Those bridges are much longer and heavier than the bridge at Florida International University, which was built to only handle pedestrians, not cars and trucks.

    “I wish I would be on that kind of investigation, to be honest with you, because in this country we build so many cable-stay bridges for carrying trucks, not pedestrians, and all of them work fine,” Aref said. “The spans, from one end to the other, is much larger than that.”

    Typically on such bridges, the central tower or towers are erected first, Aref said. Then slabs of pavement are lifted into place, alternated from each end and connected to the shortest cables closest to the span connected to the main tower, he said.

    “When they cross rivers, you don’t have the luxury of having a big bridge in one piece and moving it in place like this,” Aref said.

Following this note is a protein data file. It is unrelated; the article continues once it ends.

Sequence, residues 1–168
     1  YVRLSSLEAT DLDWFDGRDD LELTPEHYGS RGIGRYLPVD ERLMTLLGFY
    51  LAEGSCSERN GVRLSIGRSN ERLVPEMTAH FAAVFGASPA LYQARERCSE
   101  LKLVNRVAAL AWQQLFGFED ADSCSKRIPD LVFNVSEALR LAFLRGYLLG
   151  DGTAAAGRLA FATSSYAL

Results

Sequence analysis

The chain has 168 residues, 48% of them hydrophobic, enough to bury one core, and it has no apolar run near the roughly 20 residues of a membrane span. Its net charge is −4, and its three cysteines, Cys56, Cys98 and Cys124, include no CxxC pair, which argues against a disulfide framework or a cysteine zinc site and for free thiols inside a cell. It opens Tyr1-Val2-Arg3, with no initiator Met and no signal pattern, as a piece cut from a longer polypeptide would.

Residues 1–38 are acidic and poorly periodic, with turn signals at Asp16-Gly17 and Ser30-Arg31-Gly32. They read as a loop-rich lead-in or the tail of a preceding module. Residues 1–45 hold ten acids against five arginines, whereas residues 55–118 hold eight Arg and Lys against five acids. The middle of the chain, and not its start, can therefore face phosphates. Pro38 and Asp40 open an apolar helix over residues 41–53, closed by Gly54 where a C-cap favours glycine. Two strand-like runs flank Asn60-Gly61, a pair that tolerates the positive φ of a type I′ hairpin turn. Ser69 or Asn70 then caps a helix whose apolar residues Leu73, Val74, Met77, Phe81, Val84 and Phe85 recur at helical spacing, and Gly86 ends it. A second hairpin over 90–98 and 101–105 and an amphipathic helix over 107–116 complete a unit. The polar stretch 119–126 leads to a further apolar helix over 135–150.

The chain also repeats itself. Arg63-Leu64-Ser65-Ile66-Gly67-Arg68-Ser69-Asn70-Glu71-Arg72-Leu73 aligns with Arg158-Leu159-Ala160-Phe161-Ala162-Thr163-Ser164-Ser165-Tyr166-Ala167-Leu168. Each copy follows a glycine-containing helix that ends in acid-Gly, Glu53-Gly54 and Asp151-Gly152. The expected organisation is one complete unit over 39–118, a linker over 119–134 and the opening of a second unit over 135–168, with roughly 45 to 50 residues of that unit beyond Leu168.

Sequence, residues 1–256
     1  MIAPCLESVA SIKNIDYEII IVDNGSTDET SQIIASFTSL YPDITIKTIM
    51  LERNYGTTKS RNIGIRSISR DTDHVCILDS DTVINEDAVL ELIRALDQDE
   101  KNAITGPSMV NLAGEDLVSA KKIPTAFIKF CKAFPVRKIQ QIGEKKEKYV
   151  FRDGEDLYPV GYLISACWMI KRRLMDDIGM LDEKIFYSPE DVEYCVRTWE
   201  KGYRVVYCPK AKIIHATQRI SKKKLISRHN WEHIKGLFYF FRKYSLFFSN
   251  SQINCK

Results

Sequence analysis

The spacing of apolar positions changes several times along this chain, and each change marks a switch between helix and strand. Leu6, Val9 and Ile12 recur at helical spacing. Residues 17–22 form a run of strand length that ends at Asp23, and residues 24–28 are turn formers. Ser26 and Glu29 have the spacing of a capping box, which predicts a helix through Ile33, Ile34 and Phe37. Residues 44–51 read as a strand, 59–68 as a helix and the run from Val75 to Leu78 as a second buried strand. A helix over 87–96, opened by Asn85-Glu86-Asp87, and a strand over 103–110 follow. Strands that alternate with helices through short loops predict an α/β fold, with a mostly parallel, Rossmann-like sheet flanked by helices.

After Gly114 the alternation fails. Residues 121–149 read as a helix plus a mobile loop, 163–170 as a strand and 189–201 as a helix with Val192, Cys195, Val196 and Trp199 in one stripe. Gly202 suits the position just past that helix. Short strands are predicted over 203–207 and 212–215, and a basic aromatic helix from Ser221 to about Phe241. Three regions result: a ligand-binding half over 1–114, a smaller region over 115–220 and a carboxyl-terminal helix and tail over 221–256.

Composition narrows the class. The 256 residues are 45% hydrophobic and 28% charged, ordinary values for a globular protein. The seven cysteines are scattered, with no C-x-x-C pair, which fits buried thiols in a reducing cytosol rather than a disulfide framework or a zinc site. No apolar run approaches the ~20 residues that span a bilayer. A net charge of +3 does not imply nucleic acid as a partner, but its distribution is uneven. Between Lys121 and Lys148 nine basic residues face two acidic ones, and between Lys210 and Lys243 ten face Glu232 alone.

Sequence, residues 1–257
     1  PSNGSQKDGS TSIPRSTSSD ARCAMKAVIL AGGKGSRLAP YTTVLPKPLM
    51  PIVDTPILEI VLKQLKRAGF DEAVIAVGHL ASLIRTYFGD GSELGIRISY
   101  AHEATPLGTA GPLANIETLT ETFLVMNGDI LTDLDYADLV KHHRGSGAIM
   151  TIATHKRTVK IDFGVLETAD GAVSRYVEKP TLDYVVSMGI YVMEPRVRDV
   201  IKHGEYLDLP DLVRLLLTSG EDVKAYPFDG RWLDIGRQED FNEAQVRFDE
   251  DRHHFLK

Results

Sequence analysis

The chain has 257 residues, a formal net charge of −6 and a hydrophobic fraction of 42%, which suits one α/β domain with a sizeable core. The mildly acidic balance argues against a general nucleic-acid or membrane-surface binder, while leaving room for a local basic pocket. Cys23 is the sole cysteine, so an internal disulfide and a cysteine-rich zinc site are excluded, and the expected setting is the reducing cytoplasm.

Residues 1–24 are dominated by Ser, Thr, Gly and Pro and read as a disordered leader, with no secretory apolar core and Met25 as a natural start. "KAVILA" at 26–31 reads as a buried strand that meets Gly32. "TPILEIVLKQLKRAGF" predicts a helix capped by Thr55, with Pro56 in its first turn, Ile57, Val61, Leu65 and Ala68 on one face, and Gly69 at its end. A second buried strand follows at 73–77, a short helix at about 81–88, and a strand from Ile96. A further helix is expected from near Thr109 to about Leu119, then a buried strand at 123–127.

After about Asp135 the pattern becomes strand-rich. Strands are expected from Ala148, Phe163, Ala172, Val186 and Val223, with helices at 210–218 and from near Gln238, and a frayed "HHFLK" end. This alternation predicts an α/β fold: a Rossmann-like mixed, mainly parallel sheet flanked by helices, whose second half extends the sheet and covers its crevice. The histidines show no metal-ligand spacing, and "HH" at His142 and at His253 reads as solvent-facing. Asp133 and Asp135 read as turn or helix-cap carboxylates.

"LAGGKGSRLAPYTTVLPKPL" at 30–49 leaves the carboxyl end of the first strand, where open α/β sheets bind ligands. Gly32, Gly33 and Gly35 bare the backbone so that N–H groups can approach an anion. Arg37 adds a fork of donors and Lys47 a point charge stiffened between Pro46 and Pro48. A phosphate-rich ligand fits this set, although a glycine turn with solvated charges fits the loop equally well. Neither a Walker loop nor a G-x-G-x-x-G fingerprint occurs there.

Robert Bea, a professor of engineering and construction management at the University of California, Berkeley, told the Associated Press that without knowing precisely what happened, the “innovative installation” was risky because the bridge spanned a heavily traveled thoroughfare.

    “Innovations take a design firm into an area where they don’t have applicable experience, and then we have another unexpected failure on our hands,” Bea said after reviewing the bridge’s design and photos of the collapse.

    The $14.2 million FIU bridge was designed under a process called “accelerated bridge construction” that allowed for larger sections to be built and then lifted into place. A 174-foot section weighing 950 tons was hoisted and rotated into place across the six-lane road Saturday. When finished, the bridge would have been 289 feet long and 109 feet tall.

    Aref said he was unaware of such a large section of bridge being put in place without supporting cables.

    “I don’t want to speculate. From a structural-engineering point of view, the forensic engineers won’t take long to figure out what happened,” Aref said. “I think it is not a long investigation. There are glaring things.”